December 18, 2021
Going to the gym should be easy, but thanks to the billion-dollar supplement industry, they do their best to make it as confusing as possible. 20 years ago, "workout supplements" were barely even a thing to consider. When you walked into a GNC you'd have some protein powders and maybe some fish oil or vitamins to choose from. Oh, the simpler times. Now, "BCAA vs Pre-Workout?" is just one of the dozens of choices you need to make when deciding how you're going to increase the effectiveness of your workout.
What makes this even more confusing is that BCAAs and Pre-Workout are two of the most popular supplements on the market, so there are many options. That's why we wrote this article to make things easy, as they should be. Should you take BCAA or Pre-Workout? Once you wade through the marketing, the answer is easy.
In this article, you'll learn:
Before we can even start talking about the whole BCSS vs Pre-workout dilemma, we'll break down what these compounds actually are. Let's begin with BCAAs.
BCAA's stand for "B"ranched "C"hain "A"mino "A"cids. This probably doesn't help a lot as you're probably thinking, "What the hell are "branched chains?" and "What the hell are amino acids?". Glad you asked.
Amino acids are the building blocks of protein. In fact, the term "protein" basically just designates that at least one chain of at least 50 amino acids, known as a polypeptide, exists in its structure. Other smaller chains of amino acids exist, such as a peptide which consists of the link of 20-30 amino acids.
So for all intents and purposes, the term "protein" just means a bunch of amino acids chained together. These chains can consist of different combinations of the 21 amino acids that exist. In fact, the availability and need of these amino acids are what separates the 21 amino acids into 3 sub-groups.
Non-Essential Amino Acids
There are 6 amino acids that are known as non-essential amino acids. These are amino acids that your body synthesizes within the body in sufficient amounts so that you never need to consume them from your diet. These non-essential amino acids are:
That's why you rarely ever hear of these at the local supplement store because your body has enough. And if you do see these being sold, DO NOT buy them as your body has enough again.
Conditionally Essential Amino Acids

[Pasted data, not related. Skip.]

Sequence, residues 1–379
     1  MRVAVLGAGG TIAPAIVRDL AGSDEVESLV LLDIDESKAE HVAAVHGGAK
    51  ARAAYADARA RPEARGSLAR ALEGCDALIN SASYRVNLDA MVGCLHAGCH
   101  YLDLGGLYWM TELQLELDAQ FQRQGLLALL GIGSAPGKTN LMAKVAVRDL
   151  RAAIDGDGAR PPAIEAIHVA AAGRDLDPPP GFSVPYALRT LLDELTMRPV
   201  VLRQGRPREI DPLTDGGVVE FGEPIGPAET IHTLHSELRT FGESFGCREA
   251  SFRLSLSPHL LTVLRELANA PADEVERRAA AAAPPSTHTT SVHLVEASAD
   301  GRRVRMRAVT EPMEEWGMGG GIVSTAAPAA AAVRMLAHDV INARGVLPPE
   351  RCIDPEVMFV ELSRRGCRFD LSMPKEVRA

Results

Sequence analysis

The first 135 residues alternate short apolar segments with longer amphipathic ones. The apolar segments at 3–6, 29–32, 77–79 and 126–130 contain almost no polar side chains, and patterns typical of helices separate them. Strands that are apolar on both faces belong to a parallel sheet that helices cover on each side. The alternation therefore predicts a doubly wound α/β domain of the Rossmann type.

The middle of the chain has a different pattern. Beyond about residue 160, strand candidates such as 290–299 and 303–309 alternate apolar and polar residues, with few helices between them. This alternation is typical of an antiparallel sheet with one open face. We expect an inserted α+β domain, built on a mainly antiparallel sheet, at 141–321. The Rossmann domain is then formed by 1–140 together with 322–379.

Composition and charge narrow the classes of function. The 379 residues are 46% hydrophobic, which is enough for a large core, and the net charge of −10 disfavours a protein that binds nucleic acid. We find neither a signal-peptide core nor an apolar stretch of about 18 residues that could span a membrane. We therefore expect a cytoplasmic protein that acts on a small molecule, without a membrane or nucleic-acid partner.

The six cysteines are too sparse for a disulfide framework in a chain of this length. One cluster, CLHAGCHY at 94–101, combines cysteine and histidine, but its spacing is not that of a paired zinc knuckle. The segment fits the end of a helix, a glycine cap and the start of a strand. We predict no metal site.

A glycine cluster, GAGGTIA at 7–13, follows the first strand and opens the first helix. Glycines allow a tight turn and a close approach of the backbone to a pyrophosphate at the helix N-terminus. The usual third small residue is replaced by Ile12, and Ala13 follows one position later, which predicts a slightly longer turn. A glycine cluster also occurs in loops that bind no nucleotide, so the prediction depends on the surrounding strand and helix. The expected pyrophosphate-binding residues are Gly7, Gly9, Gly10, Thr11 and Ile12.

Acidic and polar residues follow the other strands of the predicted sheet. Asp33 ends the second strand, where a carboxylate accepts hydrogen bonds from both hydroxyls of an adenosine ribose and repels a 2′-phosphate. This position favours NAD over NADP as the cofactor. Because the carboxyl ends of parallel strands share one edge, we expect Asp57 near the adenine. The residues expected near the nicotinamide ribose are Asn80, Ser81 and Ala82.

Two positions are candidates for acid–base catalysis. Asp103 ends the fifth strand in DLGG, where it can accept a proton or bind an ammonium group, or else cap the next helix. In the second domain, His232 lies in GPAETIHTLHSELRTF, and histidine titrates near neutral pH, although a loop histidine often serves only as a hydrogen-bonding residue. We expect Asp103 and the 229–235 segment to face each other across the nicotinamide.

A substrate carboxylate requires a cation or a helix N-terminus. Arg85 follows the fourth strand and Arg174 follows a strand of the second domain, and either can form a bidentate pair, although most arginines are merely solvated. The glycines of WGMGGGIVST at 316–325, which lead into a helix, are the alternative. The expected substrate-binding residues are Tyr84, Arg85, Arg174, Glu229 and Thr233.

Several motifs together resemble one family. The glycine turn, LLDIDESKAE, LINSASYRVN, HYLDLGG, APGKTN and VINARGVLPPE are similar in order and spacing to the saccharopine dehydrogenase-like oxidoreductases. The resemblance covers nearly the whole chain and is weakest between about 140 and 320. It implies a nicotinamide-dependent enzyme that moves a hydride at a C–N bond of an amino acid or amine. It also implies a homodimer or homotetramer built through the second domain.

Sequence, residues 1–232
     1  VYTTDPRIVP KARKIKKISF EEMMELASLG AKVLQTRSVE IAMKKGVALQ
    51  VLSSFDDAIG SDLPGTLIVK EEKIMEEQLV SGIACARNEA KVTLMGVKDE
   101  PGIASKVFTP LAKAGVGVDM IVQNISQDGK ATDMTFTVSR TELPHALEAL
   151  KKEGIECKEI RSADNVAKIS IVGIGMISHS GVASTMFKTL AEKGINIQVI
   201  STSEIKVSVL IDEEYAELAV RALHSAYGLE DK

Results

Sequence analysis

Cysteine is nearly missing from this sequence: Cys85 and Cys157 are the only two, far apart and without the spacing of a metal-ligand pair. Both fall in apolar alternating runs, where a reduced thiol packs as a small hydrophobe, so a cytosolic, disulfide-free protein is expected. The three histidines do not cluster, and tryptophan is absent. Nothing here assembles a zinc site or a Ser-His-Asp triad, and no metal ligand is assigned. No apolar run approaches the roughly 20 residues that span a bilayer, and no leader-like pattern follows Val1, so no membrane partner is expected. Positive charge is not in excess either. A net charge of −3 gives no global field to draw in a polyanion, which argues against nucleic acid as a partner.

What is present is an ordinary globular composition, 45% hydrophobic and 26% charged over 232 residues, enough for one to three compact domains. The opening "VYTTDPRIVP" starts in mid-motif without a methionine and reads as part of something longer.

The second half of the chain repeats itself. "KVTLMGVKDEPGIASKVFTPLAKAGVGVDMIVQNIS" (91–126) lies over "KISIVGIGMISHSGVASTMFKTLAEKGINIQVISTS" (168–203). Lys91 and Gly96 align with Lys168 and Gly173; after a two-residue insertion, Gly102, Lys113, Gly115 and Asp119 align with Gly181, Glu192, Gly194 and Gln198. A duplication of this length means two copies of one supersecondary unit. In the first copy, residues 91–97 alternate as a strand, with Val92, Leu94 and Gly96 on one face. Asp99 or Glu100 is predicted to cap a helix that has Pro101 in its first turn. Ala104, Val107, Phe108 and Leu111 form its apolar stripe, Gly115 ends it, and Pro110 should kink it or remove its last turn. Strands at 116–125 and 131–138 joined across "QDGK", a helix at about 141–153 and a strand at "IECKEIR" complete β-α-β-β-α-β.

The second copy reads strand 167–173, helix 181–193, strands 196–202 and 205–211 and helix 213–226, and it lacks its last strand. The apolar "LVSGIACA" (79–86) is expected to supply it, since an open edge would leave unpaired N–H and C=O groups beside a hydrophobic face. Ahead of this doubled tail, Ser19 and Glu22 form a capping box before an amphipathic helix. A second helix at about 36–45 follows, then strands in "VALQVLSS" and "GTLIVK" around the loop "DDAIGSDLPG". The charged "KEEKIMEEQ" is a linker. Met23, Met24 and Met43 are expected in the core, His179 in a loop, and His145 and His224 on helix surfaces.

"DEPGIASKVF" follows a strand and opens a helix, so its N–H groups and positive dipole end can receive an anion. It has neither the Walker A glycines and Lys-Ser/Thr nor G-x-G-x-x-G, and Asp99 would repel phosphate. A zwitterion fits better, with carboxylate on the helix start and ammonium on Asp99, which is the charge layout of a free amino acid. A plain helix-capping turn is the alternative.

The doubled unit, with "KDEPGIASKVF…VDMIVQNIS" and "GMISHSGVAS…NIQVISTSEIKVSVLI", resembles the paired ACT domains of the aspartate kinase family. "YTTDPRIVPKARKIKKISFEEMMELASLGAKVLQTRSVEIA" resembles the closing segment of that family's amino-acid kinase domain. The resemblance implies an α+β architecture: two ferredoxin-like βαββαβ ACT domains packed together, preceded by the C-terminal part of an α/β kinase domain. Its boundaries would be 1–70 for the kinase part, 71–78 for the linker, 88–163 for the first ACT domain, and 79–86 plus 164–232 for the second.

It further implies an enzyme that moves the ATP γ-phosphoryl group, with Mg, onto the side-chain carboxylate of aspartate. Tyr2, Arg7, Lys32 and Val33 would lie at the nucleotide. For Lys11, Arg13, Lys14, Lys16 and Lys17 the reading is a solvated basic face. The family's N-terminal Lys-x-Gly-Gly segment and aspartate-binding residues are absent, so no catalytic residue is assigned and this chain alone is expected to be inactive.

There are also 6 amino acids known as conditionally essential amino acids. These are amino acids that are also synthesized within your body, and your body generally has enough under normal circumstances. However, consuming more through your diet could be advantageous under certain "conditions" (get it?). For example, some conditions could include times of sickness or increased stress. These amino acids include:
You probably noticed glutamine which is why there is confusion about the need for exogenous supplementation. While it does help with repair and recovery, studies show that a surplus of glutamine doesn't increase its effectiveness.
Essential Amino Acids (EAAs)
Lastly, your body has 9 essential amino acids (EAAs). To reach optimal levels, these are the amino acids that you MUST consume in your diet. The 9 EEAs include:
These 9 EAAs are what is needed to build muscle. In fact, a quantity of EAAs is what differentiates animal protein and plant protein, as most plant sources of protein lack one or more of the 9 EAAs.
Anyways, these are important as this is where you'll also find your three BCAAs. They are:
They are called "branched-chain" due to their molecular structure as they contain a "branch," which is a central carbon atom bound to three or more carbon atoms.
However, they are so important because these three amino acids are the primary amino acids responsible for muscle protein synthesis, specifically leucine (this is why you sometimes see leucine sold separately as its own supplement.). Their role in muscle protein synthesis is what makes them so popular as trainees believe that if they can increase their BCAA levels, they will improve muscle protein synthesis. There are also other benefits attached to BCAA supplementation, including: